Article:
Next to lawyers and car salesmen, no other profession has a worse public image than the home repair contractor. Just ask around and you'll hear plenty of tragic tales of appointments missed, invoices inflated, and budgets overshot.
But consider for a moment the hundreds of thousands of capable professionals who work everyday — fixing our toilets, repairing our AC units, ridding our homes of pests — without any drama whatsoever.
Sure, catastrophe makes for jucier headlines and better stories. But most contractors really want to deliver top quality service. They just need their clients to understand some of the the unwritten rules of the business.
So here for your enlightenment are the 3 Key Truths that your home improvement contractor needs you to understand:
"To get the results you want, tell me exactly what you want!"
Miscommunication is at the core of most disagreements, and contractor disputes are no exception. If you want your home repair project to have even a chance at success, start with a written statement of work. Don't worry about making it look fancy or official: Just take a minute or two to jot down what you want your finished project to look like. Be as specific as you can. "Clean my deck" is an OK start, but "Pressure-wash and then reseal my rear deck using exterior stain" is way better for everyone involved. As you interview contractors, you can always go back and refine your statement. Then, once you do select a contractor, get them to incorporate your statement into their agreement.
"Pin me down on a completion date."
While you are negotiating price, be sure to speak with your contractor about estimated project completion times. Every client wants the best in pricing, quality, and speed: The problem is you'll rarely get more than two of these from any single contractor. It's all a big tradeoff. The cheapest ones often deliver lower quality work, or take longer to finish; The more highly skilled ones are almost always pricey.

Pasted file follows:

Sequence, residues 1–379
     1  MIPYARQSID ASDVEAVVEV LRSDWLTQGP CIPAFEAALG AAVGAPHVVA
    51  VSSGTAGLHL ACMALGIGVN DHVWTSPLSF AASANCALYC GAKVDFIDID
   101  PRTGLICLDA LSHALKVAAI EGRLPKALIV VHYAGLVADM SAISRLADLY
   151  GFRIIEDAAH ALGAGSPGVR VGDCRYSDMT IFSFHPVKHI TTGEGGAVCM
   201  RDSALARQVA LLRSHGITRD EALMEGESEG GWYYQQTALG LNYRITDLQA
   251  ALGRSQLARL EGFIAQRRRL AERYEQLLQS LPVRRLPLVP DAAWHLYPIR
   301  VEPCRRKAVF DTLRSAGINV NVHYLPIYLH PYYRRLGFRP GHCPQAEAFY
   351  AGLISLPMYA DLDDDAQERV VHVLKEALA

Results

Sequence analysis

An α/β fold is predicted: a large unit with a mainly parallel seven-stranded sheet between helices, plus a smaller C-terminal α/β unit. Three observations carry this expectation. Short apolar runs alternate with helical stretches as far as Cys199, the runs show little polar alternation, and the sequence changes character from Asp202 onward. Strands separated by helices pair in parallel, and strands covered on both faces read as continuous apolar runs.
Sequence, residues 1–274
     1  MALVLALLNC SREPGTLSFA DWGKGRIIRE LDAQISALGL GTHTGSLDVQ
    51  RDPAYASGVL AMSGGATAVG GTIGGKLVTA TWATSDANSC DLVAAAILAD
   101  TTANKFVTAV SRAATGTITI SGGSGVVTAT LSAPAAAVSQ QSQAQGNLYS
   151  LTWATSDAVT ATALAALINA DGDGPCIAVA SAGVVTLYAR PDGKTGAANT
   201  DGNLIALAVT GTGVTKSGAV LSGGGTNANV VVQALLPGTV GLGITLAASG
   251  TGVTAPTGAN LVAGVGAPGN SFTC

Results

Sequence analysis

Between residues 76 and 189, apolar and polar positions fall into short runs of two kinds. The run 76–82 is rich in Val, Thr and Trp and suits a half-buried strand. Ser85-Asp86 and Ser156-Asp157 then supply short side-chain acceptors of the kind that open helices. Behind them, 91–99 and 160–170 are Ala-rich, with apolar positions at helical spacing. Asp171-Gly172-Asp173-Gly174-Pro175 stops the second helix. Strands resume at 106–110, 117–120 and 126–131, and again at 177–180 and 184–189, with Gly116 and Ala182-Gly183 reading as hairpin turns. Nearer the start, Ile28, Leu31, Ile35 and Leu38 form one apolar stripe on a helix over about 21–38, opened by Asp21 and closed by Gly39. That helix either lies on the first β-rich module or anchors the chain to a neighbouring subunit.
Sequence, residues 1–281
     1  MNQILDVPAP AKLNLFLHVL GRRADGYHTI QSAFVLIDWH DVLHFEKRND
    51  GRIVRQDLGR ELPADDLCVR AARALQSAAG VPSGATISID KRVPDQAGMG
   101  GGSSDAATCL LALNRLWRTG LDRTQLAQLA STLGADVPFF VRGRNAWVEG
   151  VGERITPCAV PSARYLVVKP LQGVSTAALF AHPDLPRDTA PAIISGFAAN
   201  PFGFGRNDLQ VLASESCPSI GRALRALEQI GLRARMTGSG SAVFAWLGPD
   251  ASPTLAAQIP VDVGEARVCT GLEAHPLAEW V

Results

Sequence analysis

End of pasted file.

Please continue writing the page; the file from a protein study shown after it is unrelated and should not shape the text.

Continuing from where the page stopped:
Be as clear as you can about how long the project should take to complete. Set a realistic date and have them put it in writing. Just knowing there's a firm deadline will make most contractors move heaven and earth to meet it. And, since most of their other clients won't set a completion date, contractors will prioritize their schedule according to the commitments they have made.
"I hate saying 'No' to you."
Skillful and reliable handymen are a rare find. When you do come across one, you might be tempted to ask them to do all manner of repairs just because you know and trust them. But be careful: No contractor wants to tell you that they aren't particularly talented in a certain area. They fear that disclosing such a weakness will cause you to look for someone else promising more. Rather than lose the job, they'll take on projects they don't really enjoy just to avoid losing your business. Then, once the job is done and you discover that they are not the world's best at laying tile or hanging cabinets or whatever, you'll both be unhappy.
Avoid this trap by being crystal clear with your contractor about exactly where their expertise starts (and ends) before assigning any work. Encourage them to refer other great contractors for jobs outside their specialty. That way, you can reassure them that they have your trust as well as your business.
Heed these unspoken truths and you too can avoid playing a role in yet another home repair horror show.